The particular question as to the right of Inferior Courtsto punish contempts committed out of Court arose in the caseof ex parte Jolliffe, which came before the Queen’s Bench lastyear. At the hearing of a case, a County Court Judge madeobservations reflecting upon the conduct of an attorney. Whilethe case was pending, the attorney published letters in a newspaper,accusing the Judge of tyranny and injustice. The Judge citedthe attorney to appear before him for contempt of court. A rulefor prohibiting to restrain the Judge from taking proceedingshaving been applied for, a discussion arose as to the power ofInferior Courts of Record to commit persons for contempt inrespect of acts done out of Court (Law Times, November 23.
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1873). Mr. Jnstice Blackburn asked the counsel pointedly if hewas aware of any authority as to the power of an Inferior Courtof Recqrd to take cognizance of such contempts. Sir J. Karslakecould not cite any express decision precisely in point, butreferred to two cases, one from the Isle of Man (re Crawford,3 Jur. 955) and the other from British Guiana (MacDermott,5 Moore P. G. 469), adding that they were both cases from theSupreme Court of those places.
The Supreme Court of the Isle of Man, as the Court of Chancery,is in no way subject to the jurisdiction of the Court of Chanceryin England, and the powers given to the Court of British Guianaare very much the same as those possessed by the Supreme Court ofthis Colony. The rule in ex parte Jolliffe came on for argument onFebruary 8,1873; and on the general question (42 L. J., Q. B. 121)Lord Chief Justice Cockburn expressed himself as follows :—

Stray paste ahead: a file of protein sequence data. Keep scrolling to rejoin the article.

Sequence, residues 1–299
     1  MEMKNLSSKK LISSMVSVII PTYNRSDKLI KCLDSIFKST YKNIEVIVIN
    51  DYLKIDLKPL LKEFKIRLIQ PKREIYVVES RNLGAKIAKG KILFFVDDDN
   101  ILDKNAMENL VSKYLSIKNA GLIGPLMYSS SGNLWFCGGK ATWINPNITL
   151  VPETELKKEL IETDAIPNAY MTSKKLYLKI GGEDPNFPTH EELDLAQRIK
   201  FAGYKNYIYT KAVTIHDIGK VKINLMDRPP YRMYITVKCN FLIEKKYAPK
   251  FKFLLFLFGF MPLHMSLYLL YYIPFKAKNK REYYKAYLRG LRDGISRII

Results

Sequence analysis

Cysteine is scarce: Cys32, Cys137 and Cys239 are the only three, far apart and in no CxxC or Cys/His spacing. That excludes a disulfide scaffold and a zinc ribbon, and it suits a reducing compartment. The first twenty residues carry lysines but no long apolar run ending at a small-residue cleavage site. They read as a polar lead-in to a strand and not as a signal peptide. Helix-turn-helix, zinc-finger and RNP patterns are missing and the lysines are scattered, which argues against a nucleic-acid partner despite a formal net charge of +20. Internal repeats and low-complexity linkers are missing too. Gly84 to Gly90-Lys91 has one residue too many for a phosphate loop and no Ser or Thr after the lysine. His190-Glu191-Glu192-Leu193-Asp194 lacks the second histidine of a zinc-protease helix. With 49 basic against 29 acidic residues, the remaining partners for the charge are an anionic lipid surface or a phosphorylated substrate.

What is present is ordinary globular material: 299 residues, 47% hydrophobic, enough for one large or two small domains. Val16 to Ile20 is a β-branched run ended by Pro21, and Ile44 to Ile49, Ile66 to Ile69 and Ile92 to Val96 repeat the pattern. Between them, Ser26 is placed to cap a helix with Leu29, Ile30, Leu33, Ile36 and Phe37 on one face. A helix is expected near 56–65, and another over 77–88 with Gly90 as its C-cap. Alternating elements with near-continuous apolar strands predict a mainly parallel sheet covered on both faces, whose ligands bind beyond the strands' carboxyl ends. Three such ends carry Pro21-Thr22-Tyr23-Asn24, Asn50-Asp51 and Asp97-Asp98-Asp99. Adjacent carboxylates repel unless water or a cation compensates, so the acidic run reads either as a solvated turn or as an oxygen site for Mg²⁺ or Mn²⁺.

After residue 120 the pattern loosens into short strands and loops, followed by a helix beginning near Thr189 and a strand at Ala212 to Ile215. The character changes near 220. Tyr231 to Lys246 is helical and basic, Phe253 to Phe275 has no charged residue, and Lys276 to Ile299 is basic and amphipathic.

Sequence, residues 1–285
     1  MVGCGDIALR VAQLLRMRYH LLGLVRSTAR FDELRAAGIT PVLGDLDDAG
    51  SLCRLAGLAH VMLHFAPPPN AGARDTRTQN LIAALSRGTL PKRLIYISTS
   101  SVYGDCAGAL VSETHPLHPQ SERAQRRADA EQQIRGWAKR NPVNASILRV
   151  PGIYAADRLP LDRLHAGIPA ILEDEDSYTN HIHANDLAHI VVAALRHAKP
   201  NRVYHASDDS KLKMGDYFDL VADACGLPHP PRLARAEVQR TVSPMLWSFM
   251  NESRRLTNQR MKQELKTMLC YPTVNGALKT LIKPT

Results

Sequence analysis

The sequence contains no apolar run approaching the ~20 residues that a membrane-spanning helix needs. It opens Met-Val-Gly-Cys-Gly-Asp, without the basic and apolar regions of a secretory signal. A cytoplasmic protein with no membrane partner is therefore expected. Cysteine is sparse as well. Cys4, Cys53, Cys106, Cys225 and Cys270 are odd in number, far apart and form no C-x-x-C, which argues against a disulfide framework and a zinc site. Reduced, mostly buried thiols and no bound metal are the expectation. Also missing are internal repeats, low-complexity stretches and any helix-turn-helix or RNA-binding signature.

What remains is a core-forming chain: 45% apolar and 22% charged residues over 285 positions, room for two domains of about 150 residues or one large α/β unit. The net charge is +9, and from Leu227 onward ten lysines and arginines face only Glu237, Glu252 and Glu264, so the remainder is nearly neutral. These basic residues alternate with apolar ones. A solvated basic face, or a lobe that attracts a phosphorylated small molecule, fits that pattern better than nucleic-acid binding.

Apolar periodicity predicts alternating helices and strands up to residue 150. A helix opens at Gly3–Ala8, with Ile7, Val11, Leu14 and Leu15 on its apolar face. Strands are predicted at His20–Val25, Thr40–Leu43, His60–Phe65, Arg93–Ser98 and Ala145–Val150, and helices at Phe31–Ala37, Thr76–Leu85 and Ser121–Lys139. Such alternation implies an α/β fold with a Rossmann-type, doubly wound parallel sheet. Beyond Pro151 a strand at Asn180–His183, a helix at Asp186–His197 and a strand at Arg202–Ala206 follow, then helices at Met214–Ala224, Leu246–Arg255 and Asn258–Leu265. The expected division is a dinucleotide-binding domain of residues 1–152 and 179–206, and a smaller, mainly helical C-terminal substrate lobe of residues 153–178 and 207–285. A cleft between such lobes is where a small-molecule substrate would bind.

It is very true that it is laid down by high authorities, and it is accordingto the reason of the thing, that every Court of Record has power to fineand imprison for contempt committed in the face of the Court, while theCourt is sitting in the administration of justice. Such a power is obviouslynecessary for the administration of public justice, which may be interruptedor obstructed unless there is a power to summarily repress such outrages.But it is a very different thing to say that a Court shall have power to fineand imprison for contempts not committed in the face of the Court, andnot amounting to an actual obstruction of the course of justice, but only tothe use of contumelious language, or the publication of articles or commentsreflecting on the conduct of the Judge. It is laid down in Hawkins (Pleatsof the Croton) and other writers of authority that the power of committingfor contempts committed in the face of the Court is given to InferiorCourts, but it is nowhere said that they have power so to punish contemptscommitted out of Court. There is an obvious distinction between InferiorCourts created by statute, and Superior Courts of Law and Equity. In theseSuperior Courts the power of committing for contempt is inherent in theirconstitution, has been coeval with their original institution, and has beenalways exercised. The origin can be traced to the time when all the Courtswere divisions of the Great Curia Regis—the Supreme Court of theSovereign—in which he personally, or by his immediate representative, sat toadminister justice. The power of the Courts in this respect was therefore anemanation from the royal authority, which, when exercised personally or in th6presence of the Sovereign, made a contempt of the Crown punishable sum-marily, and this power passed to the Superior Courts when they were created.